When Manic Street Preachers The Holy Bible was released in 1994 I didn’t listen to it very much. I made the effort to track down an import copy since it wasn’t being released in the US, but the unrelenting brutal imagery of the lyrics was too much for me then. Like bassist Nickey Wire relates in the accompanying DVD, I too was at a very happy stage of my life having just met my future wife. So I shelved it figuring I would come around to really listening to it some time in the future, which is the same thing that happened to me with Lou Reed’s similarly bleak Berlin album.
A few years ago, perhaps sparked by post September 11 fallout, The Holy Bible began to get regular airplay from me. The soul of the band and principle lyricist of The Holy Bible, Richey James, had long disappeared in Cardiff most likely taking his own life by leaping off the Severn Bridge and songs like “4st 7lb” – I want to walk in the snow And not leave a footprint I want to walk in the snow And not soil its purity - and “Die In The Summertime” – Childhood pictures redeem, clean and so serene See myself without ruining lines Whole days throwing sticks into streams - gained a potent power with the personal connection to Richey’s battle with anorexia and possible suicide respectively. I’m still quite snug in the cocoon of domestic happiness, but you can’t keep harsh reality from intruding and The Holy Bible is fearless in illuminating things we normally don’t like to see the light. There is truth in beauty and also unwelcome truth in ugliness.
“Yes” posits a world of consumerism run rampant – And I don’t know what I’m scared of
Or what I even enjoy Dulling, get money But nothing turns out like you want it to And in these plagued streets Of pity you can buy anything For $200 anyone can conceive a god on video. “Archives Of Pain” gives the case for capital punishment – If hospitals cure Then prisons must bring their pain Don’t be ashamed to slaughter The centre of humanity is cruelty There is never redemption Any fool can regret yesterday Nail it to the House of Lords You will be buried in the same box As a killer, as a killer, as a killer - a right wing move which must have startled some of their fans. They also take on the evil of political correctness on album closer “P.C.P.” – Ten foot sign in Oxford Street Be pure, be vigilant, behave Grey not neon, grey not real Life bleeds, death is your birthright PC she speaks impotent and sterile, Naive, blind, atheist, sadist, Stiff-upper lip, first principle of her silence, Of her silence PCP, a PC police victory PCP, a PC pyrrhic victory When I was young PC meant Police Constable Nowadays I can’t seem to tell the difference - but the lyrics on The Holy Bible with their claustrophobic density would all be for naught were it not for the incredible music composed for the album by James Dean Bradfield (is he one of the most unheralded guitar greats of our time?) and Sean Moore. Gone was the heavy metal Guns N’ Roses attack of their first two records, replaced by music just as heavy, but owing more of a debt to the British post-punk bands like PIL, Gang Of Four, Magazine, The Skids, and Wire. “Mausoleum” even gives a nod to American New Wave with its jittery Devo rhythms. I don’t know how such rousing choruses could be coupled with the lyrics on The Holy Bible, but every track sounds like a potential hit as the liner notes to the 10th Anniversary Edition attest.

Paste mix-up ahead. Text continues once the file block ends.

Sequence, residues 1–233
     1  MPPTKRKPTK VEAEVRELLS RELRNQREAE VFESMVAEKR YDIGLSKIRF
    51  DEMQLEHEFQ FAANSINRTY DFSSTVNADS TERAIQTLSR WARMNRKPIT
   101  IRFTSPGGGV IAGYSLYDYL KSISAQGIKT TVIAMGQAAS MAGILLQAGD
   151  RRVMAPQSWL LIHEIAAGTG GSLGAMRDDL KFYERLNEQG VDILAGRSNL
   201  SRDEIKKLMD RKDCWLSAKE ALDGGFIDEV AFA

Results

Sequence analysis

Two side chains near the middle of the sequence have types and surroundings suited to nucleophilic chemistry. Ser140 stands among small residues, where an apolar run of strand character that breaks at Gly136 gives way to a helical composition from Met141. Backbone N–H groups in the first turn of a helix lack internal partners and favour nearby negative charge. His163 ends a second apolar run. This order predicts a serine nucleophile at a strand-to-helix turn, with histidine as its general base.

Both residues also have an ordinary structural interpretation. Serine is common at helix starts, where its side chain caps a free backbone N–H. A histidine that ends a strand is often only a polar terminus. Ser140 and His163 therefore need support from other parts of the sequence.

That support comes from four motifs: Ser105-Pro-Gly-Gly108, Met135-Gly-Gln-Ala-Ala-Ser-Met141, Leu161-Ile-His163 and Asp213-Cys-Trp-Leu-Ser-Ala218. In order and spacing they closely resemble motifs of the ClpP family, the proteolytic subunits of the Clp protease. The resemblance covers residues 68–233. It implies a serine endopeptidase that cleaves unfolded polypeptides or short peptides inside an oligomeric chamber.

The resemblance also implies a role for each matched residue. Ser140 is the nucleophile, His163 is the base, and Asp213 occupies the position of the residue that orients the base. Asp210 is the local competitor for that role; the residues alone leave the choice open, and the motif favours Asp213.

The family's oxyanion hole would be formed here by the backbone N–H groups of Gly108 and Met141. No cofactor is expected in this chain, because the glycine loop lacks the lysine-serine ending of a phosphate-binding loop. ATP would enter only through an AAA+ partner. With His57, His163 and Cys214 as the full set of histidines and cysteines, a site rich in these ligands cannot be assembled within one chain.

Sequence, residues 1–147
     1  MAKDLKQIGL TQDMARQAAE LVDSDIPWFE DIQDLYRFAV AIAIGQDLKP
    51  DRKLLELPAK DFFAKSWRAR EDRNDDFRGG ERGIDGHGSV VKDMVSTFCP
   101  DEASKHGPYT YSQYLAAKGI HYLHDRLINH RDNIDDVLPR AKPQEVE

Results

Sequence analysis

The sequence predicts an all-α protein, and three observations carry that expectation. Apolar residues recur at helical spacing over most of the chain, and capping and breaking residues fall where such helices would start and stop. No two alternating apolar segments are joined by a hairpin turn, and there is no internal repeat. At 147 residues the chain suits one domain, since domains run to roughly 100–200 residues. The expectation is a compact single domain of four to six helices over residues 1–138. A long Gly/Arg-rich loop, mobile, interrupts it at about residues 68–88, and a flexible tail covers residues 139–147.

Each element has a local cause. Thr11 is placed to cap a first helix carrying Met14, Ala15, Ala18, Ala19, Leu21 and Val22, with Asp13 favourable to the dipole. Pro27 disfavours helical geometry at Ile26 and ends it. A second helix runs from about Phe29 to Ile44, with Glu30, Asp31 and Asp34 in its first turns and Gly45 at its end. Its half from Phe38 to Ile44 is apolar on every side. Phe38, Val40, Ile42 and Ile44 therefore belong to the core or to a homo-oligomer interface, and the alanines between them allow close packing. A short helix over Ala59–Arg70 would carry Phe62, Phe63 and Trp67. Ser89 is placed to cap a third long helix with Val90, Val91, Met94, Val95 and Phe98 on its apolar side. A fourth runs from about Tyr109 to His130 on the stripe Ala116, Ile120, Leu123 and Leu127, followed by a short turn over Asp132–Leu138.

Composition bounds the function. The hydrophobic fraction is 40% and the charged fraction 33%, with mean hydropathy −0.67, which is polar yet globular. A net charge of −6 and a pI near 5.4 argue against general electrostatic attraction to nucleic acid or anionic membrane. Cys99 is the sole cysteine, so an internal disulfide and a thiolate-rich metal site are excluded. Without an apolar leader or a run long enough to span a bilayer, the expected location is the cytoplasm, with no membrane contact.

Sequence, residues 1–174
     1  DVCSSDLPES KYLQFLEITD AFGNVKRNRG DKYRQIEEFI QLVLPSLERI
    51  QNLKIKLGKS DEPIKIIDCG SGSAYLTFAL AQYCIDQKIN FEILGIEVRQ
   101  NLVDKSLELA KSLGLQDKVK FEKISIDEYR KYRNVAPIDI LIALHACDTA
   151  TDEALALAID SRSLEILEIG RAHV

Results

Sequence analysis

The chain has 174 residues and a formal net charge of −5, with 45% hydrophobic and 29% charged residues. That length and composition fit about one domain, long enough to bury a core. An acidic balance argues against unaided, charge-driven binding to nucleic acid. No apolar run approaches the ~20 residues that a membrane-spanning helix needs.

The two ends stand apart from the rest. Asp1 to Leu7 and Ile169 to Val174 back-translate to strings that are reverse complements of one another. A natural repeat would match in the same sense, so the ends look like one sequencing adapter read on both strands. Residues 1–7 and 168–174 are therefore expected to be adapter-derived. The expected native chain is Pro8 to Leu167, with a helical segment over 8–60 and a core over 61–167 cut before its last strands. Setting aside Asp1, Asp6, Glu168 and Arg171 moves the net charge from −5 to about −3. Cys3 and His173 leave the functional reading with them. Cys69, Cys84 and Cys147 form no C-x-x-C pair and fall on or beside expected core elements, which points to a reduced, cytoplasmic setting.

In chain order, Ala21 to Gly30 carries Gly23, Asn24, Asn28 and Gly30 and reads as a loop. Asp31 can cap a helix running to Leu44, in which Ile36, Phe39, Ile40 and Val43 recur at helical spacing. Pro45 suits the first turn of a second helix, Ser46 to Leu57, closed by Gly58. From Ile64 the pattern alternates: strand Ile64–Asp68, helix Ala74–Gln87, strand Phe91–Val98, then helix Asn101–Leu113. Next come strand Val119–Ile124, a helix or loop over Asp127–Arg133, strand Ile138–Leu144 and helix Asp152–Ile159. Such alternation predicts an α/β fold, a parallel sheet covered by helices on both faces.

That’s right, The Holy Bible, has been reissued and in the Stateside case issued for the first time in a deluxe package including both the British mix and the mix that was intended for the American market – meaning louder drums and guitars for most part. A DVD is included featuring interviews with the surviving members of the group, live performances, and videos; a highlight being a performance on Top Of The Pops in which James Dean Bradfield wears a balaclava with James stenciled across the top while the rest of the band dresses in military garb reminiscent of Echo & The Bunnymen. The CD’s contain some bonus live takes proving the band could back up the studio recordings, some demos, and some very raw Radio 1 sessions.
The Holy Bible was a unique piece of rock and roll, a singular burst of alienation, despair, and cruel truths married to music that bludgeoned while lifting the listeners own spirits. Compelling, emotional, and visceral, unrelenting and paradoxically gentle at times – hear “This Is Yesterday” for the evidence of that. The Holy Bible ranks with the best music made during the 90’s or any decade for that matter. It’s time for a new generation to get religion, go out and get The Holy Bible today.
For even more Manics, including some material from Counter Language (the Manics fanzine put out by Nickey Wire’s brother, Patrick Jones, when he lived in the US) visit Soulfish Stew.
Visit here to read the Duke’s take on The Holy Bible.